Note: the original post was written in 2009, but then got corrupted in a server crash
Everyone receives Xmas promotional brochures from chain stores, local shops, big retail units, filled with hundreds of “unique” and “one-time”offers without which a citizen of the developed world cannot exist, be happy, provide others with happiness. We are indoctrinated to buy these products for ourselves, kids, family and friends, as if Christmas was measured through the value (not usefulness) of a particular paper-wrapped box, bottle or piece of cloth. As a result Christmas is going the way of modern weddings, where couples make their wishes known to (no, not the family) a retail outlet that compiles the “wedding gift list” so that wedding-goers can contribute to a perfect beginning by buying what the couple most needs: 17 spoons, 12 forks (5 were bought by Aunty M who could only afford five) and a soup bowl. No more finding 5 irons and 7 toasters – everything is organised to maxismise the effectiveness of every cent, kopeyka!
I wonder whether this new Christmas paradigm is a result of capitalism’s persistent strength (backed by the consumerist ideology) or the collapse of religion and the social nature of “holidays” that stem from the destruction of interpersonal bonds. Christmas without gifts, or with a single/simple one per person, is much different to the orgasmic (but short-lived) shopping frenzy and gift-unwrapping craze, that occur these days around millions of cut-down trees that begin their death many days before Dec 24th and keep-on-dying as we “celebrate” a miracle with immense quantities of food, alcohol and destroy our minds with crappy TV that keeps showing useless shows to the brainwashed and over-fed popluation of the mindless?
The extremes are fascinating – celebration of life with dead trees, piety with copious amounts of food, modesty through spending thousands on gifts, humility through the arrogance of buying people gifts they don’t need. We have found a way to run away from the much needed “period of family bonding” and turned into an ultimate capitalist fake: showing our “love” through junk, finding every opportunity to escape deep and meaningful conversations, learning about each other, strenghtening inter family bonds, helping and supporting those in need.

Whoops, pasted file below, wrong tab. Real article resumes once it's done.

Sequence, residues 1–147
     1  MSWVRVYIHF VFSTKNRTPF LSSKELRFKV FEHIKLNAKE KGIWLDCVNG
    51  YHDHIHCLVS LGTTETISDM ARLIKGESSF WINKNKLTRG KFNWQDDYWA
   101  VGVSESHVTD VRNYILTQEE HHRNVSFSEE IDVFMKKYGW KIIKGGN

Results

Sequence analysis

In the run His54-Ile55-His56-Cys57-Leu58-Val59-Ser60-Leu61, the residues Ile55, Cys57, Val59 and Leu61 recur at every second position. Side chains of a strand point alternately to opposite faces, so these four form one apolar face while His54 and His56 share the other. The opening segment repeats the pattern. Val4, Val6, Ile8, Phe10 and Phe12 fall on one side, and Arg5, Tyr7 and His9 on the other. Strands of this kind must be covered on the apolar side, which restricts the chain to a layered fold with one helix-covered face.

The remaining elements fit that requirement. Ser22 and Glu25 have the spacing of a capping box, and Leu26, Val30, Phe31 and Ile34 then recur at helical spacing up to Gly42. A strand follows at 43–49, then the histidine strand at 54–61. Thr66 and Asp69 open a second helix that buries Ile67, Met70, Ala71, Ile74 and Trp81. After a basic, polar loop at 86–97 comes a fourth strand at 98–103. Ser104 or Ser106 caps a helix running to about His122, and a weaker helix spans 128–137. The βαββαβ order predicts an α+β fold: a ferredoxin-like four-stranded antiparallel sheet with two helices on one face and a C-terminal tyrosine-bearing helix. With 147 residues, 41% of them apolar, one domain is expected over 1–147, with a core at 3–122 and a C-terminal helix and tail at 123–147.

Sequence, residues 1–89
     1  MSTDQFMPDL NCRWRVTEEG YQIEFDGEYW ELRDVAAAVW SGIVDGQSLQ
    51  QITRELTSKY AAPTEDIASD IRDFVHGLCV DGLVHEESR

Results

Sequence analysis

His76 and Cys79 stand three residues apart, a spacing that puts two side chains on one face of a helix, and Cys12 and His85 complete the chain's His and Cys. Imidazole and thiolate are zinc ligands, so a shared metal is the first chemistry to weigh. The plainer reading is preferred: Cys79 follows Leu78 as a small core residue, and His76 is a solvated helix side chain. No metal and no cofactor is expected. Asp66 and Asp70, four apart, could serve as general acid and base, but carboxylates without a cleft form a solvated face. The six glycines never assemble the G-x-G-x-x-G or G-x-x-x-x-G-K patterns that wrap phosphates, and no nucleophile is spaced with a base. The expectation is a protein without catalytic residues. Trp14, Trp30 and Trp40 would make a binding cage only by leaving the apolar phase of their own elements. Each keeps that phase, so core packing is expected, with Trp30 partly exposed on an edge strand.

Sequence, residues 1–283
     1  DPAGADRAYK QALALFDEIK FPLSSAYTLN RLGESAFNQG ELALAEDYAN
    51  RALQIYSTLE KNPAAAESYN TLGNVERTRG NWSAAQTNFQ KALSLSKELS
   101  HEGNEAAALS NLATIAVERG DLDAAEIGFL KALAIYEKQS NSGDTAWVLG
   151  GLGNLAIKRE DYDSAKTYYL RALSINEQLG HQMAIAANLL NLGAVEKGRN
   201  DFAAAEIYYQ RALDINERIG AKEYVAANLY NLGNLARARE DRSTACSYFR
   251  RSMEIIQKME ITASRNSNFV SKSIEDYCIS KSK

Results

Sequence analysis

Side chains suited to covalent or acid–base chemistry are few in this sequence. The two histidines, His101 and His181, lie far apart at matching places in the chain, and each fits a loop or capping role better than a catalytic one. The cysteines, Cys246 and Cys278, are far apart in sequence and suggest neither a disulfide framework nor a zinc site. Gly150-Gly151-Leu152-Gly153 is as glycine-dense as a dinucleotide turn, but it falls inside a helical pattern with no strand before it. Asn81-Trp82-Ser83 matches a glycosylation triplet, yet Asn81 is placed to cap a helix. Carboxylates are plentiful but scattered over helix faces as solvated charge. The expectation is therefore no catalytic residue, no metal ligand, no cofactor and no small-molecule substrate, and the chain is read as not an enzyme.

Admittedly, the next event will be less product oriented as no one has invented too many justifications for product purchasing on New Year’s Eve, but within a month and a half (Feb 14th) we will all rush out to show our love in the most Capitalistic of ways: by buying “red stuff”, “sexy stuff”, “love stuff”. Maybe, it is our fault, as we have fogotten what a true human-human bond is like, and now we seek to cover-up our incompetencies by flooding those close to us with useless gifts? Afterall, it is much easier to give a car to a kid once a year than to show love, compassion and attention (often in the greatest deficit) every day for 365 in a row? Somewhere, some time ago, we’ve been taught that a single gift can make up months of neglect or even evil. Should we blame it on the corporations, pushing forth their culture and ideologuy of consumerist happiness or should we look deep within ourselves and root out OUR weaknesses that misguide us into buying…things?